FAAD provided funding to support legal involvement with a university that denied tenure to three female assistant professors. They understood the issues pertaining to gender, sexual, and age discrimination, and the university's disregard for qualitative, collaborative research and publications. Their financial support is so helpful and greatly appreciated.
I am currently litigating my tenure denial, and have received assistance from FAAD. I was grateful to find their organization in the first awful days after the denial and to took great comfort from learning that others had been through this and survived, and that there are people committed to fighting discrimination against women in academia.
I am not happy to know about this organization, and I wish it did not need to exist. But it does. Academia remains hostile to women, and qualitative judgments about the "merits" of research mask institutional biases against feminist research and pedagogy. In these days of financial crisis, as universities make "hard" decisions about which programs and faculty to support, female faculty, especially those whose research and teaching focuses on women, seem to be especially expendable.
Thirty years after it started, it seems like this organization should be irrelevant. I wish it was, and will do anything I can to work towards the day when feminists enjoy security within higher education, and we no longer need FAAD.
Last year, when I first met FAAD, I had just been denied promotion to full professor from my home department and chair in Communication. Despite the fact that I had been a full-time Women and Gender Studies director for 8 years, I still fulfilled the Communication requirements. I had provided a written response to the denials, but was very upset (as I felt betrayed), and was not sure what to do.
I met with one FAAD leader at the book fair at the National Women's Studies Association meeting, and she assured me that I could find support through the organization. She invited me to a panel discussion and to the organization's meeting. The women in this group listened to my story, empathized, and provided a wealth of advice. Mostly, though, the members provided support and comfort in a very stressful time.
I also witnessed them interacting with another woman who was having challenges to her line of research. They took the same time and care with her.
This year, I attended their meeting again, and am now fortunate to be able to participate from the perspective of full professor, having had my decision reversed in the college, and with the dean and provost.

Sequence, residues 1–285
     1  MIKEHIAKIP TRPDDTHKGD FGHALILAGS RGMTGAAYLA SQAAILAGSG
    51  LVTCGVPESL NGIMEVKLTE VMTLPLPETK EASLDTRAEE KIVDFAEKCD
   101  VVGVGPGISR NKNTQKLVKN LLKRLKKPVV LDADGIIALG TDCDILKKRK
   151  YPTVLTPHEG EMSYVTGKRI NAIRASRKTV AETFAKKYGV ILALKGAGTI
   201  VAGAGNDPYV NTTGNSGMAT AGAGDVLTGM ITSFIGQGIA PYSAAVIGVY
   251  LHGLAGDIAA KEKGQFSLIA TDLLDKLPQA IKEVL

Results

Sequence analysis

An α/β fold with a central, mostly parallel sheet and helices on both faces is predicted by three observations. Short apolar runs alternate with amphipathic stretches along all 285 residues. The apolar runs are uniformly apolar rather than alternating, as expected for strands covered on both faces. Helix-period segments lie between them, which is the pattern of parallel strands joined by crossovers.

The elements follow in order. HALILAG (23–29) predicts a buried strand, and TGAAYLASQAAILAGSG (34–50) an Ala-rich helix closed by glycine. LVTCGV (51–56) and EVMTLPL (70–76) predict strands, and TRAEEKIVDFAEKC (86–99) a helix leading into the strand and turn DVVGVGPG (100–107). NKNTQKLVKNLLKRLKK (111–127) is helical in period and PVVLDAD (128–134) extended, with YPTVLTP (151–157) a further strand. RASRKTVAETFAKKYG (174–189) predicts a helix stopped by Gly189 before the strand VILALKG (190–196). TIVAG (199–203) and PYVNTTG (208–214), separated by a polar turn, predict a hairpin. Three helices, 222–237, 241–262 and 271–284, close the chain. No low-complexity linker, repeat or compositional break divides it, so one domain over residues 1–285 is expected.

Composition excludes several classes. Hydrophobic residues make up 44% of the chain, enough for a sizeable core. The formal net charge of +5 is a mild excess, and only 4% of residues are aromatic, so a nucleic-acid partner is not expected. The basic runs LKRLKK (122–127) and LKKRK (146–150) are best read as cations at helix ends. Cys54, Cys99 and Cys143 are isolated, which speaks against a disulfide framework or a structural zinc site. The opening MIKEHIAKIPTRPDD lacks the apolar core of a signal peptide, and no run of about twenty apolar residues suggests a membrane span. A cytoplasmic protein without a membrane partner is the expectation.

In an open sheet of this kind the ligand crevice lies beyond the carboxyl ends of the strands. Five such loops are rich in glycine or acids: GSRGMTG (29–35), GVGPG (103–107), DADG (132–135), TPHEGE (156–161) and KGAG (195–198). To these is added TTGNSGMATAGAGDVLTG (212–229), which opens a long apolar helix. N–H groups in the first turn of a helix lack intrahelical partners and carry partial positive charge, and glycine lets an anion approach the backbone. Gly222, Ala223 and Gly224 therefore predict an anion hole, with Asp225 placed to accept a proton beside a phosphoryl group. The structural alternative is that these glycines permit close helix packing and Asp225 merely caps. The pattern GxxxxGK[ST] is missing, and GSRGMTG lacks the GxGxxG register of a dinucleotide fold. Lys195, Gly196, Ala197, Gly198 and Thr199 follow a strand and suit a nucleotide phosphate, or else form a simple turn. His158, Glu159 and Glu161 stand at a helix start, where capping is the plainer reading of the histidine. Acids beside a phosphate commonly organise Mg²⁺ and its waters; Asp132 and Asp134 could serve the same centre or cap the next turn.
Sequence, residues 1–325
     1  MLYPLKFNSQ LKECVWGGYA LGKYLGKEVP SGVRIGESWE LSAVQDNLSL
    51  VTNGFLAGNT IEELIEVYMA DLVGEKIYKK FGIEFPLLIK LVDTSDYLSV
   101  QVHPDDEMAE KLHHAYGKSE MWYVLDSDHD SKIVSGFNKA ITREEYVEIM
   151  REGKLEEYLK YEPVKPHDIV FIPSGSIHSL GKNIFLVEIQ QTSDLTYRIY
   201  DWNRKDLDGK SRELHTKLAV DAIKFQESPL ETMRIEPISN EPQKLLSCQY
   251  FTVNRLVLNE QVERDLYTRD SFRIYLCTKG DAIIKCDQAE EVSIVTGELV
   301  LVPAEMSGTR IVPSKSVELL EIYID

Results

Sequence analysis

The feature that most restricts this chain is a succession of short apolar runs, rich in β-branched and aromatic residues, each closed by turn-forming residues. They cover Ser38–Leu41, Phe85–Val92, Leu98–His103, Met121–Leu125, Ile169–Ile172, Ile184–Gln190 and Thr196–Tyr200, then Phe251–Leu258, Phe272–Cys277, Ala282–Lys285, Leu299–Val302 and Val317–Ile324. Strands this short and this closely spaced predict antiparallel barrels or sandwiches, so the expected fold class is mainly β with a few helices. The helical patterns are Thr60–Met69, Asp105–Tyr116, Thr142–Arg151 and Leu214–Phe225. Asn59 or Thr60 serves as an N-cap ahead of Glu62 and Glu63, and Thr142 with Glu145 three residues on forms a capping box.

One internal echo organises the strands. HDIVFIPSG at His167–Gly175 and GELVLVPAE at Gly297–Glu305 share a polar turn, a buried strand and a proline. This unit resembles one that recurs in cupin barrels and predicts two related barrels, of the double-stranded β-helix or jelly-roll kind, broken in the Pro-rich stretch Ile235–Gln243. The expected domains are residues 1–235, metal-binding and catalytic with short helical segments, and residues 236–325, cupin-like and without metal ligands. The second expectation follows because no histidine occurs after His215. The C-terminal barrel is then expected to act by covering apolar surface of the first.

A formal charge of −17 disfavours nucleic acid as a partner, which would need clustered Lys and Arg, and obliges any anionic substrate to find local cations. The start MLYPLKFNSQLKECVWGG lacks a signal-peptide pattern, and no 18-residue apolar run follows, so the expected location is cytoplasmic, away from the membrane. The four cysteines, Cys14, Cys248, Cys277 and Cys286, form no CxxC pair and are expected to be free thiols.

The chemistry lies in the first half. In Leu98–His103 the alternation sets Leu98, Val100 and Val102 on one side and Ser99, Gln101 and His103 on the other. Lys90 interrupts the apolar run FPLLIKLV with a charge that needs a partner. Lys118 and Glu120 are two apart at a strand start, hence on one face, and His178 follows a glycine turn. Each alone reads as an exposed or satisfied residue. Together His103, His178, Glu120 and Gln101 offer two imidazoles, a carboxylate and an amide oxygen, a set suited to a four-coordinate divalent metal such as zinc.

I am definitely in support of this organization and feel it deserves this award status.
I am writing in support of FAAD because I belong to a sister organization called WAGE. We Advocate Gender Equity (WAGE) is an academic feminist organization, organized in 1993 and based in California. It grew out of a meeting by a large group of academic women who were experiencing sexual harassment and gender discrimination at University of California but over the years has broadened to include other institutions.
As part of our support for women fighting gender discrimination in academia, members of WAGE have been involved in supporting individual women who have brought suits against institutions for their practice of gender discrimination.
For five years in the 2000s, several WAGE members were active with a group supporting the legal case of Graciela Chichilnisky, an academic at Columbia University, a woman with PhDs in mathematics and economics who had been a member of the Columbia faculty since the 1970s and who was experiencing severe harassment at Columbia, supported by the highest levels of the administration.
In the face of an all out attack on her by her colleagues and administrators, Chichilnisky, like other academic women who dare to publicly charge their colleagues with discriminatory behavior, was isolated on her campus and very badly treated. During the time she was bringing her case, we learned of the existence of FAAD and applied for their support of her case. This, they not only gave (with a substantial check) but they also helped publicize Chichilnisky's experiences and showed other academic women a model of mutual support.
The isolation and exclusion of women who dare to complain of discriminatory treatment is severe. FAAD's work helps relieve that isolation and create solidarity. Were there were many more such organizations.
Pat Washington, PhD
Co-Coordinator, We Advocate Gender Equity (WAGE)
4537 Alamo Drive
San Diego, CA 92115